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Baylor Basketball: Meaning

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NCAA Basketball: Baylor at Texas Tech Michael C. Johnson-USA TODAY Sports

Being a Baylor basketball fan is rough.

In this century, the program has seen the lowest of the low, been through some pretty hard to watch seasons, then been on the front porch of the Final Four without ever quite making it through the front door.

We hit #1 in the nation two years ago, then immediately saw loss after loss that spiraled down to a sweet sixteen loss. Then a year later, we weren’t even in the tourney. We’ve seen players come and go in the past couple years, always wondering if these are the guys, then realizing later that they aren’t “the guys”. Being a Baylor basketball fan is tough.

But then again, it’s the easiest thing in the world.

How can people not be a fan of these guys? How is the Ferrell Center not packed every night? Who wouldn’t want to get behind this team? I promise you, I haven’t the slightest clue. Because being a Baylor basketball fan is more than watching a basketball team.

It wasn’t until I left home and came to college that I realized that not everybody loves sports. And even fewer love college basketball.

I don’t know if this has ever happened to you, but friends regularly ask me, “why do you love sports so much? You know that stuff has no real meaning, right?” Aren’t people like that just the worst? No meaning? You’ve obviously never paid attention if you think that Baylor basketball has no meaning.

This stuff has a heck of a lot of meaning. You watch a coach bring in young, inexperienced players. You watch these players struggle. You watch them succeed. You watch them fail, and you experience heartbreak with them. You’re there to cheer for them for the highs and support them after a loss. You get to witness these players grow, not just as basketball players, but as young men. You get to see your dream being lived out on the court by these guys. They’re actually doing it. And you are there every step of the way. And it doesn’t matter if they know your name or even recognize your face. And it doesn’t matter if you are sitting front row every night or are watching half-way across the world. They’re living our dream out there. Don’t tell me that has no meaning. Don’t tell me this doesn’t matter. You better believe it matters.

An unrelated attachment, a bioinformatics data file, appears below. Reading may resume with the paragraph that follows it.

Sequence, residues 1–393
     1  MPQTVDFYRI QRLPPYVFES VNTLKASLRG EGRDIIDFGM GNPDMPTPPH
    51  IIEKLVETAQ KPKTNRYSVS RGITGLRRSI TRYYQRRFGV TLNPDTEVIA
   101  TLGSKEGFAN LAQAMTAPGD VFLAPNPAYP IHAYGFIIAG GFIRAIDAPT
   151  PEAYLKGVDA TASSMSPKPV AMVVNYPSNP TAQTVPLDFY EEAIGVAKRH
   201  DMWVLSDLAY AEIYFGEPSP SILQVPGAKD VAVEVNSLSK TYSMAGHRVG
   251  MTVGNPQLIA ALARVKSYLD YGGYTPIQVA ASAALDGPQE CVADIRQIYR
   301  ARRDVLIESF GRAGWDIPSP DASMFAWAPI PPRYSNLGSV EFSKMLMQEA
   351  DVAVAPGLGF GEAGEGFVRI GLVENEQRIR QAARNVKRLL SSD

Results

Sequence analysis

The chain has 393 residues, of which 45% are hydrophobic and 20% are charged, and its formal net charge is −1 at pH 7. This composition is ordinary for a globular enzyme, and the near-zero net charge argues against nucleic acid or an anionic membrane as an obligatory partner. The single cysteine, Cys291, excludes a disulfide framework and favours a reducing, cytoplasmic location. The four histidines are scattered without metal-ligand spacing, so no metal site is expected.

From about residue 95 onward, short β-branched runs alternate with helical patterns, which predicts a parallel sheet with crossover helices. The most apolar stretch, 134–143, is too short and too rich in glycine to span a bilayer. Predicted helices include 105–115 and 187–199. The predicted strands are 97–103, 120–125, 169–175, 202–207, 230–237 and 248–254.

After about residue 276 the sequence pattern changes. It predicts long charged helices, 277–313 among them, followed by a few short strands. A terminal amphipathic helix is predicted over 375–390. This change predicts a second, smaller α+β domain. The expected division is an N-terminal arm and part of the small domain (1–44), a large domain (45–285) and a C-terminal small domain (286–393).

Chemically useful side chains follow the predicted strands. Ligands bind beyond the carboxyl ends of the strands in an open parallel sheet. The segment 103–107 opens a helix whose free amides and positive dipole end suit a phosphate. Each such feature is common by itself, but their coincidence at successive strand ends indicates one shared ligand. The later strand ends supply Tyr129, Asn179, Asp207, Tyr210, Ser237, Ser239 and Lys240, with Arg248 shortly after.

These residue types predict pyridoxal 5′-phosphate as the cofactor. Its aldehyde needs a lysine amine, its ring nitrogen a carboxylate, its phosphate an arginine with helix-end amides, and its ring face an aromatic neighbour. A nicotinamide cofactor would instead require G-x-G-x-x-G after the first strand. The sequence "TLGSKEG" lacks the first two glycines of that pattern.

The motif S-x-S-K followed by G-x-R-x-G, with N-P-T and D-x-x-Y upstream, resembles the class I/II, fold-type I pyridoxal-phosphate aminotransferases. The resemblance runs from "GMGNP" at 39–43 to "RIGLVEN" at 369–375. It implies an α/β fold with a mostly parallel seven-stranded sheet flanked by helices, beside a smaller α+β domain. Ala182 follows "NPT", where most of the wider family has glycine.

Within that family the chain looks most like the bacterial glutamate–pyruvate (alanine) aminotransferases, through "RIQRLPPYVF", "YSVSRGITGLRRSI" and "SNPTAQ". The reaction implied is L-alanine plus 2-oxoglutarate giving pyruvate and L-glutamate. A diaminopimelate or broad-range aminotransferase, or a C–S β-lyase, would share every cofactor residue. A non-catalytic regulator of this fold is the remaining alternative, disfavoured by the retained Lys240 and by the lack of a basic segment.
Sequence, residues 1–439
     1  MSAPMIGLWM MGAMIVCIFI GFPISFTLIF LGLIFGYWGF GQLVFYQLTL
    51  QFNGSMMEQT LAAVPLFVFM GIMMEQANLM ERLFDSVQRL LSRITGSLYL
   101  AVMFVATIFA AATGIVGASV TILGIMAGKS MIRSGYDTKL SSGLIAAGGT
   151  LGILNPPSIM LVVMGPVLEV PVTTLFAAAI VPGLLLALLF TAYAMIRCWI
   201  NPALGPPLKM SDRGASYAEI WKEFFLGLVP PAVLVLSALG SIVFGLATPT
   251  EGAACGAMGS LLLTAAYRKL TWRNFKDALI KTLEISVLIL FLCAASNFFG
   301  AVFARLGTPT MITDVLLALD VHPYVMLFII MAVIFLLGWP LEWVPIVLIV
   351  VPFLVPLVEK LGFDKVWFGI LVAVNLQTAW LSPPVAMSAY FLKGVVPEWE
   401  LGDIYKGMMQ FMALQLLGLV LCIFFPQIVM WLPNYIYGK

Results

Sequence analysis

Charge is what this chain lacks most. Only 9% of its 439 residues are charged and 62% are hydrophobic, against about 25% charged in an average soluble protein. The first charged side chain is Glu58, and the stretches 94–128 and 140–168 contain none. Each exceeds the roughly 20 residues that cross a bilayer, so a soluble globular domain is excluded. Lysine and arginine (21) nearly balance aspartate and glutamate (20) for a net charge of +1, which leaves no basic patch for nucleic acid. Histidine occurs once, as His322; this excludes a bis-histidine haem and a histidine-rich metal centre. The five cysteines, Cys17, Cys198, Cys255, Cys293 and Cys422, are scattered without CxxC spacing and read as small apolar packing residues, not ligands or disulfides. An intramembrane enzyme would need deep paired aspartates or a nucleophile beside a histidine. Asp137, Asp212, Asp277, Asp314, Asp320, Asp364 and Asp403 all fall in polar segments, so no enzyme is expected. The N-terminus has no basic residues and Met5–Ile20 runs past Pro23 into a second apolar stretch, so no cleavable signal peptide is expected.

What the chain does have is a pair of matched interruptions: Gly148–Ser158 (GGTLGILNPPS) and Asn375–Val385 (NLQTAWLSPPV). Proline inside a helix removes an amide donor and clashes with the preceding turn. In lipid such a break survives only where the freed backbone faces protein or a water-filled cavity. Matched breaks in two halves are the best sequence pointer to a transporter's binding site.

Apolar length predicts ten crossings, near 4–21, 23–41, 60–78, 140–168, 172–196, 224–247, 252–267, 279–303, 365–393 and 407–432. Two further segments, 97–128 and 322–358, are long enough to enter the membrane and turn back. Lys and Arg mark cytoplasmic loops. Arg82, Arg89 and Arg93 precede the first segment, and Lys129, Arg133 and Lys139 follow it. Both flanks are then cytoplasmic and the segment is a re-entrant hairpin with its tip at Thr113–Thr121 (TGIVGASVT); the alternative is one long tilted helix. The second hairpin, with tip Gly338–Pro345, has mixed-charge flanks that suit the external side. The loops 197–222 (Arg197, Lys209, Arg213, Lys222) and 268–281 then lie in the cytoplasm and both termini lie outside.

And all the downs, and the struggle, and the heartbreak, and the games where you’re so nervous you can’t watch are worth it. Because those are our guys out there.

It’s day’s like the West Virginia game, a completely momentumless game and the ugliest win of the season when it gets hard to watch. By far the worst officiated game in recent memory, enough to even get the senior citizens in the front row to get on their feet to scream at the refs. That’s how you know it’s bad. It’s day’s like that when it gets a little hard to keep watching the game. But infinitely harder than that is looking away.

I don’t know about you, but after every single home game, I wait for that Scott Drew tweet. You know, that one where he thanks Baylor Nation for showing up. He sends them even if the fan turnout was terrible. I never feel like I make more of a difference than when I read those tweets. And hearing Mark Vital and Bandoo make off-hand comments in the post-game press conference about how loud the fans were that Saturday… nothing makes me happier. I guess I just selfishly want them to acknowledge my contribution. But it still makes me happy.

Have you ever seen the movie Survive and Advance? It’s a movie about the 1983 NC State basketball team and their crazy run to the championship. I watched it the other day for about the 15th time. It gave me chills. It always does. Sometimes I cry, sometimes I just watch in awe. But it always affects me. It’s like somebody made a movie out of all the reasons I love college basketball.

It’s easy to look at a movie like that and think “man, what if?” What if that were us. What if that was Baylor Basketball. Wouldn’t that be amazing? But we haven’t made a crazy tournament run. And we haven’t won a championship. We haven’t even made a final four in the modern era. If we could just get that, things would be great. Life would be better.

I’m here to tell you that what you have right in front of you, right now is just a good. Championships are only pure joy if you’ve experienced heartbreak. Winning is only fun if you know what it’s like to lose. And the ride is much better than the destination. You get to sit in the Ferrell Center and watch all the guys you know better than they know themselves. You get to be there to watch them win, and you get to be there to watch them lose. You get to go nuts when Bandoo slams it home, and you have their back when the refs are ruining the game.

You boo the refs and affect the calls. You get in the other teams head by pointing out their bad haircut. You wear your lucky shirt. You sit in your lucky chair. You put your phone on silent cause in some part of your brain you think that actually helps. You do whatever it takes for Baylor to win. Why? Because Baylor Basketball matters. It has meaning. It matters to you, and it matters to those boys on the floor, battling it out every night. They’re battling for us. And maybe they aren’t, but it sure feels like it.

Being a Baylor basketball fan is rough. That’s what makes it so much fun.

You can follow Armstrong on Twitter @armstrongsimms